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Five Things You Might Not Know About Business Recycling


While it might not sound like the most glamourous of subjects, business recycling is itself becoming big business.

Here are a few things you might not know about it. From how much your waste might be worth to what your legal responsibilities are. 

The true value of your recyclables

Gone are the days when the materials being thrown away are viewed simply as trash. Recyclable waste is now worth big bucks, and the trend for reusing, repurposing, and recycling is only going to keep growing.

According to Statista, in 2017, this market was valued at about 265 billion US dollars. By 2024, the market is expected to grow to about 377 billion US dollars.

In fact, recycling cardboard alone is becoming such a lucrative industry that the theft of used cardboard is becoming increasingly widespread. While figures are not available for how much is stolen globally, experts say it is very much a global problem.


Variety of business waste solutions

While some companies are leading the charge when it comes to sustainability, others have a little further to go, but it doesn’t have to be another headache to get your recycling bundled up and out the door.

First of all, the bundling can be done for you with the use of a baler. This clever piece of machinery can be used for, among other things, cardboard, textiles, metals and plastics. Visit balingwiredirect.com for lots of information about balers and their accessories.

The type of waste collection service you need will depend on the size and type of your business, but it is worth doing some research into which companies will offer you the best service and even whether any of your recycling is saleable.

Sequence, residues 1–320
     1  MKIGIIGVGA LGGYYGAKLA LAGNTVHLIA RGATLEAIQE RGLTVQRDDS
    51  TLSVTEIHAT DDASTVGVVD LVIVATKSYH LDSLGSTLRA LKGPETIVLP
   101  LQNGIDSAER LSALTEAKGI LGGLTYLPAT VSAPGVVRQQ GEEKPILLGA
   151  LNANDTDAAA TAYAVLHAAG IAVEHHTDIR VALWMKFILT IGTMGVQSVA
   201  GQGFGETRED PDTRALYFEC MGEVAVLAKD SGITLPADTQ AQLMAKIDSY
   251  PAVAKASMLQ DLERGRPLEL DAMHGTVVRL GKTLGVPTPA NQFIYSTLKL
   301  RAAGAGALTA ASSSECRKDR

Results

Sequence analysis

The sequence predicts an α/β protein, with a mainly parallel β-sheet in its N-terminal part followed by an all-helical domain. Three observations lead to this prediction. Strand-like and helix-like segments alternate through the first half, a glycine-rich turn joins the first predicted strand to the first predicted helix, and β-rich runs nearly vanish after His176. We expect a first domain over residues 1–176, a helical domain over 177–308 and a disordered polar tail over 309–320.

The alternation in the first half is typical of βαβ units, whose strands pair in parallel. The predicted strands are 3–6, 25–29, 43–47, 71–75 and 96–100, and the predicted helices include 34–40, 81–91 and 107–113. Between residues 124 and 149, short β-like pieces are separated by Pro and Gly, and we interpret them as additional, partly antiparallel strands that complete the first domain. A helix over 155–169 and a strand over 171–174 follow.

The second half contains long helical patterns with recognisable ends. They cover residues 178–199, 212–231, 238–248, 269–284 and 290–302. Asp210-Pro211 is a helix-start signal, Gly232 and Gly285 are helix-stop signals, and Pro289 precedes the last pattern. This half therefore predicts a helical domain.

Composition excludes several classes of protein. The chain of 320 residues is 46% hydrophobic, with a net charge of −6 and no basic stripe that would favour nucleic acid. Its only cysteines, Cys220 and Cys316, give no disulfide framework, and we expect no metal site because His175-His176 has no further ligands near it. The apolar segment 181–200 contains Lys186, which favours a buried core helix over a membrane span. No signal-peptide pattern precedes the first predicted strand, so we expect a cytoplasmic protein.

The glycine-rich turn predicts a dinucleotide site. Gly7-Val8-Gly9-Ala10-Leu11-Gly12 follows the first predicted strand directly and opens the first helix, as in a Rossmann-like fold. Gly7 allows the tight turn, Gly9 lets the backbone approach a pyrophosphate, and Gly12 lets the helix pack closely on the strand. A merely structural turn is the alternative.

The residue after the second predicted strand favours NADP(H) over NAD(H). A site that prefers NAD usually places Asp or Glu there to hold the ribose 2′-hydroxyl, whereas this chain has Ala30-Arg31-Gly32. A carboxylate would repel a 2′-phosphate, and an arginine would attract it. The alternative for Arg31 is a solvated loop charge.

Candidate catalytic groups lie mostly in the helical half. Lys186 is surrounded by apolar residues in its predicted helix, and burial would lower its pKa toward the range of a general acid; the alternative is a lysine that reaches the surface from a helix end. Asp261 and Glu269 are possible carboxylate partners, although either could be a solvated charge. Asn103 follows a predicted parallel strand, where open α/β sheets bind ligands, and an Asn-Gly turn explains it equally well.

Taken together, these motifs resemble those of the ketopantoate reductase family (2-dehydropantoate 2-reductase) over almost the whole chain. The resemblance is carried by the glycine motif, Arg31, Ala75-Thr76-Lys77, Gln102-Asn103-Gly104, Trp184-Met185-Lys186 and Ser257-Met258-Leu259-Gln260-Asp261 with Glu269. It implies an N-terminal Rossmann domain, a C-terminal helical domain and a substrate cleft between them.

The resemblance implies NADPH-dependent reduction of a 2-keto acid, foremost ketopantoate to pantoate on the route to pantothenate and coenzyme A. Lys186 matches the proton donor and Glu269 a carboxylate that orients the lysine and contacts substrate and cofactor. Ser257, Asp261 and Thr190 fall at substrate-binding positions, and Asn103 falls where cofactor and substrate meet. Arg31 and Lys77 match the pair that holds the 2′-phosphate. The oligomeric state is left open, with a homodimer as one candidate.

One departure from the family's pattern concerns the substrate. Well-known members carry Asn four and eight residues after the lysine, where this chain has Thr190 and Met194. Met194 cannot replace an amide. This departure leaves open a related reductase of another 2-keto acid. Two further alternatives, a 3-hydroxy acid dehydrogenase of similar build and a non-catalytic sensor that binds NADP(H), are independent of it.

How products are recycled

Something you may never have considered is what happens to all of these recyclable materials once they leave the premises.

The first step after collecting the recyclables is to sort. This begins with removing anything that shouldn’t be in there before separating out into different categories, for example, different colored glass or different types of paper and card.

When it comes to recycling, less is sometimes more. For instance, you should ensure materials are clean and not contaminated with food or other substances and put anything that is straight into the garbage. Contaminated materials are not marketable and actually lead to more ending up in landfill.

Once sorted, the materials can be broken down, this could be through a process of pulping, melting or shredding, depending on what it is. At this stage, different materials may then be added before it is reformed and reincarnated into usable products.


What is it made into

It’s exciting to think about what your trash might become in a future life, and there’s a huge array of possibilities, from everyday items to more surprising products.

It takes 95 percent less energy to make a can from recycled material than from newly sourced materials, making it a hugely more efficient process. Other than cans, you might see your metal coming back as bike or car parts or maybe even a household appliance.

Plastic bottles and containers frequently just become new bottles and containers but you may see them reformed into park benches, playground equipment or even a t-shirt.

Cardboard and paper may live again as building insulation or kitty litter. It’s also common to find newspapers and toilet paper being made from recycled paper too.


What is the law?

Recycling in the US is not mandated by any federal laws. Instead, state and local governments introduce their own recycling requirements.

Generally, there are either landfill bans or recycling targets. States with landfill bans of recyclables include Wisconsin, Minnesota, Michigan, and North Carolina. States who have introduced recycling goals include California and Illinois.

California, Hawaii, Oregon, Connecticut, Delaware, Maine, Vermont, Massachusetts, Iowa, Michigan, and New York have all passed laws that establish deposits or refund values on beverage containers in order to promote recycling.

Cities, such as Seattle, and states like Connecticut, have created mandatory recycling laws that may fine citizens who throw away a certain percentage of recyclable materials in their garbage waste. 

So, in short, there is no short answer to that question. You will need to check what is expected of you in your area to make sure you are disposing of your trash legally.

Five Things You Might Not Know About Business Recycling Reviewed by Zannnie on 4:20:00 PM Rating: 5
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